7. Mower maker DEERE
8. Not easily misled ASTUTE
9. Have a jones for CRAVE
10. Wet floor? LAKEBED
11. Typical AVERAGE
12. Finished on top WON
15. Shouldered music source BOOM BOX
17. Sushi fish EELS
21. Highlighter tip NIB
24. Research ctr. INST
25. Move like a monarch FLIT
26. Hide-hair link NOR
32. Airport on Flushing Bay, in itineraries LGA
34. Letter after upsilon PHI
36. Sun. speaker REV
38. Saying “somethin’,” say ELIDING
39. Kuwaiti ruler EMIR
40. Church area APSE
41. “I pity the fool” speaker MR T
42. Upgrade ENHANCE
43. Classic A&W restaurant DRIVE-IN
46. Marjoram kin OREGANO
47. Actor Lamas-Craig LORENZO
48. Contacted one’s followers, nowadays TWEETED
51. Kooky ODD
52. Speedometer part NEEDLE
54. Staff note MEMO
57. TV exec Arledge ROONE
58. Extraordinary GREAT
62. Brag CROW
63. Dinghy propeller OAR
65. Possess OWN
66. Some trial evidence DNA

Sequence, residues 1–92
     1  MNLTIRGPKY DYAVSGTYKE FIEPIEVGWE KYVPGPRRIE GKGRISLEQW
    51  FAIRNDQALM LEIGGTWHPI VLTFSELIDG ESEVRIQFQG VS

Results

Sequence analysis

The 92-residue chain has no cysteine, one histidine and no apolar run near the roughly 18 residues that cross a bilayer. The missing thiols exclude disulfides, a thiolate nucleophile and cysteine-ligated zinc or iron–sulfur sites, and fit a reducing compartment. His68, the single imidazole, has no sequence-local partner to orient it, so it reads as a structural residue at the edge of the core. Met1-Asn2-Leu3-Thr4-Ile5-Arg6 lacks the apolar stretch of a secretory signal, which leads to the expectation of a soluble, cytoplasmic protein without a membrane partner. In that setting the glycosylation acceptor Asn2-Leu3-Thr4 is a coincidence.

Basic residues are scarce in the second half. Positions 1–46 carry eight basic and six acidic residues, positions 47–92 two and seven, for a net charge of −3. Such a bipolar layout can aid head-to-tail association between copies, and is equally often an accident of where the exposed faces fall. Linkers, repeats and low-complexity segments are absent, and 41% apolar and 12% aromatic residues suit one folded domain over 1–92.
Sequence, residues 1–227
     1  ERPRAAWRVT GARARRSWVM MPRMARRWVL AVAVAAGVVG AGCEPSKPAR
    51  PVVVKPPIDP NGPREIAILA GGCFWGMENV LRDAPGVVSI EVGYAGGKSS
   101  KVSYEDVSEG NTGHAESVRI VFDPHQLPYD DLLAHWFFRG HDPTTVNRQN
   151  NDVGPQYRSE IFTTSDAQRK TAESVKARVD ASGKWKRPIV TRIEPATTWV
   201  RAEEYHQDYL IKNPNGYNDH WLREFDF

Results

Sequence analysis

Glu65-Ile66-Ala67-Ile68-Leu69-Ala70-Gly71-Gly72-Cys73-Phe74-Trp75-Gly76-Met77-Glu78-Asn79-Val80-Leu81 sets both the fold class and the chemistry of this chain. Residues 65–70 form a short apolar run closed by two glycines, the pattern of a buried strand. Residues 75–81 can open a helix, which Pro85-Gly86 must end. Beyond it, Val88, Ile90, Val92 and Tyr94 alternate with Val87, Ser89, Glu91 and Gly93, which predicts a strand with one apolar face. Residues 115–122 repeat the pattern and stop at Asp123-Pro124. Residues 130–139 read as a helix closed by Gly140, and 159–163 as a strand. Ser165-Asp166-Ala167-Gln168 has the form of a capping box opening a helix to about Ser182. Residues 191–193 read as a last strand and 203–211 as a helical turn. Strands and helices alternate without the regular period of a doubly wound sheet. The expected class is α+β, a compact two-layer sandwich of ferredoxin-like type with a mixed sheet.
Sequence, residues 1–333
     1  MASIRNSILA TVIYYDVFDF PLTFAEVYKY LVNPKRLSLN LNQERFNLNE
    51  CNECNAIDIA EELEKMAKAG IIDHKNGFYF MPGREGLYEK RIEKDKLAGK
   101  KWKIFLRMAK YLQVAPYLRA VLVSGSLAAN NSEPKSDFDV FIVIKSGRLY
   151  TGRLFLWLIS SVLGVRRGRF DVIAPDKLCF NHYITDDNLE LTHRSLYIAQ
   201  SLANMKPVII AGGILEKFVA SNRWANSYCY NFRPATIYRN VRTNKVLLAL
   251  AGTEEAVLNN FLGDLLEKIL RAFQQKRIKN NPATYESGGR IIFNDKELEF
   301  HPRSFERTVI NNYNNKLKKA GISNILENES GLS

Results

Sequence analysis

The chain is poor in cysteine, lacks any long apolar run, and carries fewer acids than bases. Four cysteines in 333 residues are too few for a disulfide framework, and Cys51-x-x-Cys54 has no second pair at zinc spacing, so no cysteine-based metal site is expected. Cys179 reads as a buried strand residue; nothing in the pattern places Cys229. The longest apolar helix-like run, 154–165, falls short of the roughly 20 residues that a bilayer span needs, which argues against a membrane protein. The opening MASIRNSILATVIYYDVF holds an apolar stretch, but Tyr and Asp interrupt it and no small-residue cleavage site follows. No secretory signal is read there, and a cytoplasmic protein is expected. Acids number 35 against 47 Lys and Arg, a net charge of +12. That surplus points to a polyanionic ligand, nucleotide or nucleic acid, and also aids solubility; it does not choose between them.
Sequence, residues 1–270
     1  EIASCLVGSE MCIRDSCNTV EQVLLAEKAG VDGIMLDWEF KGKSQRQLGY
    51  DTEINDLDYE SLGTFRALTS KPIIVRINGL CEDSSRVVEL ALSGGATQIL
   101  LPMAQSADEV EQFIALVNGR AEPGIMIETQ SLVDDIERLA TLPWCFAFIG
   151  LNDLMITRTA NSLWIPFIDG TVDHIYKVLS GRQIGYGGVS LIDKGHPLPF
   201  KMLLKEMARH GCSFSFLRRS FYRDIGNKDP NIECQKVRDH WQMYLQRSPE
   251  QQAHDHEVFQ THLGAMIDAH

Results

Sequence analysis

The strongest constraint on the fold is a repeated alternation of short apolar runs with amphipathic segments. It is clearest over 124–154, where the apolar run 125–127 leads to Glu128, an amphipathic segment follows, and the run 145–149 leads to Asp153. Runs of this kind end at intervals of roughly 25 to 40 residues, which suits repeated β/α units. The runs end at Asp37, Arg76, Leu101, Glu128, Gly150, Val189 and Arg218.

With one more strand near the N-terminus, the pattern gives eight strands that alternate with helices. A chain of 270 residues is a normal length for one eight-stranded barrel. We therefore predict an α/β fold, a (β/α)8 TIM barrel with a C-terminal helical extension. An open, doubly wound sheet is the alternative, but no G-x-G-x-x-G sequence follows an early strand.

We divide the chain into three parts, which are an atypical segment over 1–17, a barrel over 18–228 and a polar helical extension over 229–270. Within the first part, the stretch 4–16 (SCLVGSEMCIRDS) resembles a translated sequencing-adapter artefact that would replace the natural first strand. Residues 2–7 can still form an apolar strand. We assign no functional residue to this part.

Return to top of page

9 thoughts on “LA Times Crossword Answers 15 Jul 15, Wednesday”

  1. Took more time than probably was necessary, but ended up with zero errors, even despite the Natick at 57-Down, 70-Across (guess only one letter made reasonable sense there).

    Most interesting in this grid is the reference to "Lamas-Craig" which is unfamiliar to me, as he is much more well known as simply Lorenzo Lamas (and known to me as such). It seems the name change was done as his fourth wife and fifth wife have nearly identical names (Shauna and Shawna), the fourth wife never changed her name after the divorce, and the fifth wife didn't want to have a nearly identical name … I guess it's a notable perk of not having a particularly famous acting career.

  2. Hello from outside the Baker-Berry Library at Dartmouth. My last day of continuing education at the Tuck School. The famed Dartmouth "Green" is not so green now, but that's ok.

    My only guess is that the LIFETIMEBAN theme came about from Pete Rose and the MLB All-Star Game. From which Peter is forever banned. Take sides in this debate, I don't care. I know the AL won, but I must still give props to my guys Jhnny Peralta and Yadi Malina from teh Cardinals for the RBI output. w00t!

  3. BTW, I meant to add: the commentary from Jeff and others about the Pluto fly-by is awesome! The pictures are absolutely astounding. And the analysis is just about as cool. 😉